The working group feels that there are several arguments to be found why the exposure of volunteers in biomedical research should not automatically be considered as medical exposure, although the working group does agree that a protection system with dose limits would not be practicable in this case. Amongst these arguments is the fact that protection of these volunteers cannot be governed by diagnostic reference levels due to the experimental character of the procedure, but should be based on dose constraints as is indicated by the Commission in (268). Additionally, there are ethical problems for not considering the exposures of volunteers, who are also occupationally exposed as part of their professional dose record.

Suggestion:
- The working group recommends only considering the exposures of volunteers in biomedical research as medical exposures under strict conditions and to register the dose of occupationally exposed persons in their professional records.

[48] Medico-legal exposure (269)

Suggestion:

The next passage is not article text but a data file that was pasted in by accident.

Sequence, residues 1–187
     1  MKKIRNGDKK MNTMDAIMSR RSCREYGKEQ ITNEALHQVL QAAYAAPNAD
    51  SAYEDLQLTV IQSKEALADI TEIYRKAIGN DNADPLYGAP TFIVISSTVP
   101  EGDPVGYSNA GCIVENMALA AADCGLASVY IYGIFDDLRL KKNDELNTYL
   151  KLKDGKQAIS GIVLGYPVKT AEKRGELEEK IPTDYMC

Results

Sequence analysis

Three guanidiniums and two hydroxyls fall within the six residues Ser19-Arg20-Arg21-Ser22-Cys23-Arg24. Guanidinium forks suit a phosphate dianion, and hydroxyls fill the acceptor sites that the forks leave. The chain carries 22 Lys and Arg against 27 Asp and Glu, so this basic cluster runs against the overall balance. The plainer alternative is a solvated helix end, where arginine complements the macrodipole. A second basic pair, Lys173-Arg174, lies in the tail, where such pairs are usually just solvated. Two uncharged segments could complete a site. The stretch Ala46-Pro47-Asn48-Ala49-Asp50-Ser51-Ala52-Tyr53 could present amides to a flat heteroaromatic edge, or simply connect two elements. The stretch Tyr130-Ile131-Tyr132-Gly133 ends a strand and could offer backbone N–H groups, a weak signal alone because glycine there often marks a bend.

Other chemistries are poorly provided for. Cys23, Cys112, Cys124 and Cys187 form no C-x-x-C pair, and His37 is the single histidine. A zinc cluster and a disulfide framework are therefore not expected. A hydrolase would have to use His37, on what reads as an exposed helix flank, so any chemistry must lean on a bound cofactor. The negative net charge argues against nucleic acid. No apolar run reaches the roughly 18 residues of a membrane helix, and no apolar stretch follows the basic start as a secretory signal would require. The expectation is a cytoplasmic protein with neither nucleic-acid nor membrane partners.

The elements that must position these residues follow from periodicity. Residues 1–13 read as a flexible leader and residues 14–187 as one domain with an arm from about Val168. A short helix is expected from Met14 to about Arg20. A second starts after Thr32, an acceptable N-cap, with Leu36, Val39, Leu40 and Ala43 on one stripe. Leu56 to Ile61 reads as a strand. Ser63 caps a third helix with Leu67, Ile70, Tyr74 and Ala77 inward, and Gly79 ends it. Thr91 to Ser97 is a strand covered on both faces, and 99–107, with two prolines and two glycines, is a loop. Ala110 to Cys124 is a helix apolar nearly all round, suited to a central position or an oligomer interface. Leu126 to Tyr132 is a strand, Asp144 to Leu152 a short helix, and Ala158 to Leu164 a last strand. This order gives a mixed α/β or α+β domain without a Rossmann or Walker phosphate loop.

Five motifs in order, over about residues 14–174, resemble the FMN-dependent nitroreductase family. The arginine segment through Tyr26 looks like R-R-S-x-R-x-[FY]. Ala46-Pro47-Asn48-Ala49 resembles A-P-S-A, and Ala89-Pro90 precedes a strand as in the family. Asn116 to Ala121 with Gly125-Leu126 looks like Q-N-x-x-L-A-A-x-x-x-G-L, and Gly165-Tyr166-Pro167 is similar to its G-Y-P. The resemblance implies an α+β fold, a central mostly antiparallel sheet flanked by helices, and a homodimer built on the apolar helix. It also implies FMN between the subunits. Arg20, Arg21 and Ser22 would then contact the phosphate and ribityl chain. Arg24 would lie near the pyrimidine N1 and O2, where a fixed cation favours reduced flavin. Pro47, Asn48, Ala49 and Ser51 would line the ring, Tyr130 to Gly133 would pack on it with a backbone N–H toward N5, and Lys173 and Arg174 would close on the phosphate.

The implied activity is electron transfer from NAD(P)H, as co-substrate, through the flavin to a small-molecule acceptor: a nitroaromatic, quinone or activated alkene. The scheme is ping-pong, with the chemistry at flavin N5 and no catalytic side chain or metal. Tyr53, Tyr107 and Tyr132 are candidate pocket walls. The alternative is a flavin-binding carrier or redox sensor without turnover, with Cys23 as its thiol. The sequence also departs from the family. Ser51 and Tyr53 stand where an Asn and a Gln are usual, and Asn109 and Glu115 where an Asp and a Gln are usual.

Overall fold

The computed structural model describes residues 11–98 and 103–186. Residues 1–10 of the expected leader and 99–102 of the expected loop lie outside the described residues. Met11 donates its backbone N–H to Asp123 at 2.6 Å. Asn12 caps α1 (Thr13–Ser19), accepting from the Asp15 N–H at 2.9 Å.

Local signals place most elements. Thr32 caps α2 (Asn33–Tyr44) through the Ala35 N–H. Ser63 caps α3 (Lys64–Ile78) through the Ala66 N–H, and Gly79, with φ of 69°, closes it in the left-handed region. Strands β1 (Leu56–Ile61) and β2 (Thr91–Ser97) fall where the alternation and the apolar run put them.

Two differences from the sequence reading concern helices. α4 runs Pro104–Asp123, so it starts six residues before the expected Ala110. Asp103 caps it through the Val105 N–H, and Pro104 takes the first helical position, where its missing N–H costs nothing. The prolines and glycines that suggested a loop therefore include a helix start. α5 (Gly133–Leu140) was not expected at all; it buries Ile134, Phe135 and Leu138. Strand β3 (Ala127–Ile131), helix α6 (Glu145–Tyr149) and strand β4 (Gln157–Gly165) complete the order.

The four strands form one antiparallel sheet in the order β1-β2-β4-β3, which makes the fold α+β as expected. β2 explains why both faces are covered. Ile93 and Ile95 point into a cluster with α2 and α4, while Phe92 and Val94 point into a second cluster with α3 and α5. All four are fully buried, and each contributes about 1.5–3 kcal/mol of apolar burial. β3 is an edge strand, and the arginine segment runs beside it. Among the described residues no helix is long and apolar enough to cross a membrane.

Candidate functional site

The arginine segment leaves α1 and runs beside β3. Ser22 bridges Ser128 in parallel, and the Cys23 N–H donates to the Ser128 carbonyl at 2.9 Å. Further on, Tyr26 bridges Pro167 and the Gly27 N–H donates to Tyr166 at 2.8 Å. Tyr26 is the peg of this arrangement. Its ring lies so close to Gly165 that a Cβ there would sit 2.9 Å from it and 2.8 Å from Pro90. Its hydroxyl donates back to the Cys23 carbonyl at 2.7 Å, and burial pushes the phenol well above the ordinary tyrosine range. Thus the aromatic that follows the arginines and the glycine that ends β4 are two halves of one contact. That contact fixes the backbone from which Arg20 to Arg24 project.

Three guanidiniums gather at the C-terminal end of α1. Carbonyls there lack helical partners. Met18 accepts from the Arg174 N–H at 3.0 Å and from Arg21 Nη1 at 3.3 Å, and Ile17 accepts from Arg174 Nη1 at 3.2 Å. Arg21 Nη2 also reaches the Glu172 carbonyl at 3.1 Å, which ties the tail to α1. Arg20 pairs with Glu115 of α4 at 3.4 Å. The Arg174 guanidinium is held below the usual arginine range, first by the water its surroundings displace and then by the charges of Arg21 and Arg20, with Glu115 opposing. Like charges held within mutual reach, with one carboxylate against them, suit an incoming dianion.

- The working group has the opinion that insurance companies and all other administrative interventions using ionising radiation for administrative reasons (such as border control of people) should respect dose constraints and dose limits for the public. Exceptions require an authorisation based on a justification procedure.

[49] Release of patients after therapy with unsealed sources
No specific attention is given to the release of patients treated with radionuclides with longer half-lives especially for palliative reasons and to protection considerations regarding corpses.

Suggestions:
- The control of radioactive contamination requires, besides dose considerations, particular attention for constraints.